E-Cash: A form of cash, distinct and separate from a credit, used specifically for electronic transactions. It’s only used on the Internet, but E-Cash has a direct cash value.
E-Check: An electronic version of a paper check, useful for transactions in which a paper check is not convenient or practical.
Electronic Banking: An electronic form of banking in which transactions are transferred through electronic signals between banks, credit unions and other financial institutions.
Electronic Benefits Transfer (EBT): Government entitlement programs allow qualified individuals to receive electronic benefits through magnetically striped cards, distinct from bankcards, which can be used at ATMs and POS terminals. An electronic benefits transfer is a transaction with such a card.
Electronic Bill Delivery: A specialized electronic system for bill delivery offered to Visa Interactive customers. Electronic Bill Deliver can be used by consumers to directly transfer funds to a billing agent from their financial institutions.
Electronic Bill Payment (E-pay): An electronic system for paying bills, including utility bills and other government bills. E-pay systems can use telephones, ATMs, Internet-connected PCs and other means to access consumers’ funds and to pay merchants. Electronic bill payment allows an easy way for consumers to pay bills and may be more convenient than writing paper checks.
Electronic Bill Presentment (EBP): Another term for electronic bill delivery. Electronic bill presentment commonly refers to bills sent by email, accessed on a website or through a telephone.
Electronic Cash Register (ECR): A system for direct linkup between CreditCardProcessing.com and merchant computers. ECR is useful for large businesses with many registers.
Electronic Check Acceptance (?) or ECA: A system for collecting and converting information off of paper checks into electronic data. ECA can be used to transmit information from a paper check through the ACH network. Checks are processed differently from paper checks through ECA, and the paper check is returned to the customer at the POS.
Electronic Commerce (E-commerce): Any electronic transactions fall under the heading of electronic commerce. E-commerce has many advantages, including easier record keeping and easier payment from a customer or business’s point of view.
Electronic Data Interchange (EDI): A term used to describe the communication of business transactions via electronic means. EDI most commonly refers to an exchange of documents related to trade. Examples of common EDI documents include purchase orders and invoices and EFTs. EDI replaces paper documents.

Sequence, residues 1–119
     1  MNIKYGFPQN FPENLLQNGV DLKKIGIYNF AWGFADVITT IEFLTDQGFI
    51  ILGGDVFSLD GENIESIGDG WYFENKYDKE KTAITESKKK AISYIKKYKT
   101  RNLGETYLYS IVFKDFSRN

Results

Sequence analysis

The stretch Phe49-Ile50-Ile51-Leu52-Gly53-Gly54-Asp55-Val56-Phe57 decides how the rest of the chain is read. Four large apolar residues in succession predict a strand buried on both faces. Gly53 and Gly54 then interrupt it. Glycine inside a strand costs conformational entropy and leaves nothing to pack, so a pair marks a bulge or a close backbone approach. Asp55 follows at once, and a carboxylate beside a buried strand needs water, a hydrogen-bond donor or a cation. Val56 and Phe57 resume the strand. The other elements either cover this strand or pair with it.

Electronic Draft Capture (EDC) Terminal: A specialized point-of-sale device that is capable of reading encoded information on a credit or debit card via a magnetic stripe. An EDC terminal can also store transaction data, transmit batched data to an acquirer and perform some authorization functions. EDC terminals are particularly useful in creating reports or settlement files from stored information.
Electronic Financial Services (EFS): Refers specifically to electronically delivered financial services. Services might be delivered from PCs, telephones and other electronic devices. EFS may be provided by financial institutions or other providers.
Electronic Funds Transfer (EFT): A non-paper transfer of funds between accounts. EFT transactions are usually originated from a computer or an electronic terminal, but may also originate from a telephone or other device capable of transmitting electronic data.
Electronic Funds Transfer at the Point of Sale: Refers to when a payment is made via an EFT at the actual point where a purchase occurs.
Electronic Mail (E-mail): A communications system in which messages and other electronic data are transferred through a network of computers.
Electronic Point of Sale: A merchant which has the ability to handle transactions at the point of sale electronically. However, it’s important to note that Electronic Point of Sale does not necessarily indicate that funds were electronically transferred.
Eligible Deposit: United States currency along with money orders and checks eligible for payment as United States currency are considered eligible deposits, and can be deposited to a STAR cardholder’s financial institution. Non-eligible deposits include returned and canceled checks as well as non-U.S. currency.